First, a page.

The theme for this year was natural disaster relief. The goal of our project was to create a proof of concept for finding missing persons in a natural disaster. Ultimately we had the goal of combining GPS tracking and the use of google nearby API to narrow down the location of missing people to within 5-10 meters, reducing the time needed to search for missing people. The purpose was also intended to be a way to keep track of who did make it out of the disaster safely. In the end we only had time to complete the GPS logging feature, which in itself could still be invaluable to search and rescue efforts.
What it does
When the server of a local area is activated due to an emergency situation, those who activate their app will begin transmitting their GPS data back to the server where the server will store the full name of the civilian as well as the last 10 GPS coordinates where they were located. The app also provides a way for the civilian to notify the server that they have reached safety and are not in need of rescue.
How I built it
The app was created in Android Studio and uses http requests to the server to communicate information back and forth. The server was created using mongodb and spring.
Challenges I ran into
During the early stages of the app it was difficult to plan when the phone and server would need to communicate to keep traffic between the server and individuals at a minimum. The largest challenge was that there were simply too many lines of code to write over 36 hours for us to create the full functionality that we envisioned. Our final problem was an issue with GitHub which did not allow us to push our code correctly to the platform which made collaboration difficult.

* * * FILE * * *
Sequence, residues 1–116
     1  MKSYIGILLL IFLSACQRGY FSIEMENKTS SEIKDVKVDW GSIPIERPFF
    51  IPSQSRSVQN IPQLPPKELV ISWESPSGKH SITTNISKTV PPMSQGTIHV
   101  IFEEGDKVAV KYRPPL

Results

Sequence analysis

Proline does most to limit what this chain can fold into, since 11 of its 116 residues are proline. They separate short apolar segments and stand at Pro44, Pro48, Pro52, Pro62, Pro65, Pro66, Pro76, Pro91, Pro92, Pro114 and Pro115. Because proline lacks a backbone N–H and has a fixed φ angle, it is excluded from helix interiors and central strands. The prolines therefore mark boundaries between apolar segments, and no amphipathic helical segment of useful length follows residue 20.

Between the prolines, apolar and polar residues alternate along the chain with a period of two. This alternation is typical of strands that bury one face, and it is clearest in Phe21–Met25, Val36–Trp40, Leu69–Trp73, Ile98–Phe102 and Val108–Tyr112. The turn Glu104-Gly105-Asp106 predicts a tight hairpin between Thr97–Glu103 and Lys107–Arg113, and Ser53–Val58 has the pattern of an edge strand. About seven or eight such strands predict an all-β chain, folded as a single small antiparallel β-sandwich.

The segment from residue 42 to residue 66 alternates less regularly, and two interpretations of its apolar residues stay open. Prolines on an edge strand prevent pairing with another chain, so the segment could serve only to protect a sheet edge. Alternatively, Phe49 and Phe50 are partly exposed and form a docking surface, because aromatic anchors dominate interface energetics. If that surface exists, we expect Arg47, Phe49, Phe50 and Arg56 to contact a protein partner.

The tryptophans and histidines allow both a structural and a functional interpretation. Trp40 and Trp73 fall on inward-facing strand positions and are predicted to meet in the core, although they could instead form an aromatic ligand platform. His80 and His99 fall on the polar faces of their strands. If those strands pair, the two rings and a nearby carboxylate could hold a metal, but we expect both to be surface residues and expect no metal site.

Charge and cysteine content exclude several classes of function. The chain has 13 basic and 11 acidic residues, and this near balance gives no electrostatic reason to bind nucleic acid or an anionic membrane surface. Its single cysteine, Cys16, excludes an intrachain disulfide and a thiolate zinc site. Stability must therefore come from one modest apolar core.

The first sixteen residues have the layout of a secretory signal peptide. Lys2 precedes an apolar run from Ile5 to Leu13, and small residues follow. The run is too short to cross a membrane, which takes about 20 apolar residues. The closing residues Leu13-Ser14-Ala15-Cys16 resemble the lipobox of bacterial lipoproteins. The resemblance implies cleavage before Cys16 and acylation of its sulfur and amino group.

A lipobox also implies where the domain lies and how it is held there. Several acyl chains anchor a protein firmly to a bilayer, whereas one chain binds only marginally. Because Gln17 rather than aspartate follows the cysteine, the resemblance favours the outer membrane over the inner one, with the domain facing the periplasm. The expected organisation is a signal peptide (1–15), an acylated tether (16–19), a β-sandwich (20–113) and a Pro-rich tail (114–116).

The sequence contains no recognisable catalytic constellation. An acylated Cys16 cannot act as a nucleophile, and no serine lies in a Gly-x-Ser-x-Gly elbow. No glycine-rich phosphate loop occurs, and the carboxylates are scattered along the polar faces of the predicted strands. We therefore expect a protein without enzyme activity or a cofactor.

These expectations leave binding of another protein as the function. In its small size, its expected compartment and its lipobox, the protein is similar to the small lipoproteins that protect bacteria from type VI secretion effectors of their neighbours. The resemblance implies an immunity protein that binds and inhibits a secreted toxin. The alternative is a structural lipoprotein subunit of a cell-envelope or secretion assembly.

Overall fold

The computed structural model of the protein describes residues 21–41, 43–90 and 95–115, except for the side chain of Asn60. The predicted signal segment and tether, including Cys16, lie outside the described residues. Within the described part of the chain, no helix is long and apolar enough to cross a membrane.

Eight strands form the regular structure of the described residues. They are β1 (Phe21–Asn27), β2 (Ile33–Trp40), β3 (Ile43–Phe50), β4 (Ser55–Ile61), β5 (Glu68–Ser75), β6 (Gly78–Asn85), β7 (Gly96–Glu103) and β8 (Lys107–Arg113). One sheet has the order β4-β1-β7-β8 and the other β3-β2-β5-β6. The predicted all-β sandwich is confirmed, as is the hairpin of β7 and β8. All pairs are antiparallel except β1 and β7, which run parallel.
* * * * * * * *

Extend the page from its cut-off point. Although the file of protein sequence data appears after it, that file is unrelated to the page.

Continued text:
Accomplishments that I'm proud of
The ability for the app to transmit it's location as well as unique identity to the server is something I am proud of. I think that the ability to record the GPS coordinates of missing persons during a natural disaster has the potential to save lives, and I think this proof of concept shows that such a system could exist.
What I learned
Before the project began I had little experience with databases or doing http requests, but I have learned a lot about both. I am also familiar with Android, however this project introduced some issues with concurrency which made things a little more interesting.
What's next for Project Vigilant
Our original design included two versions of the app, one for civilians which we finished, and another for responders. The responders version of the app would be designed for those searching the disaster zone to view the last locations of missing persons and then also broadcast a Google Nearby signal. Google Nearby is special in that in only requires that two phones have the means to connect by some network, and Nearby will work out a connection. The range is also ~100 meters or so which we figured would be reduced in disaster situations, but because GPS has an accuracy of 10-20 meters, that Nearby can bridge the gap between GPS and the actual location of an individual. Once the two phones connect, the responders could trigger a civilians phone to make a noise or a ping. This could aid in finding those survivors who have fallen unconscious but still have an active phone. We also think it is possible that with the right permissions that the app could be activated remotely through a special service or maybe even by telephone and would not require any kind of input from a civilian but would act as a kind of collective reverse 911 that enables all smartphones to become a way to keep track of survivors in a disaster scenario with out having to worry about how many people own the app or actually turn it on.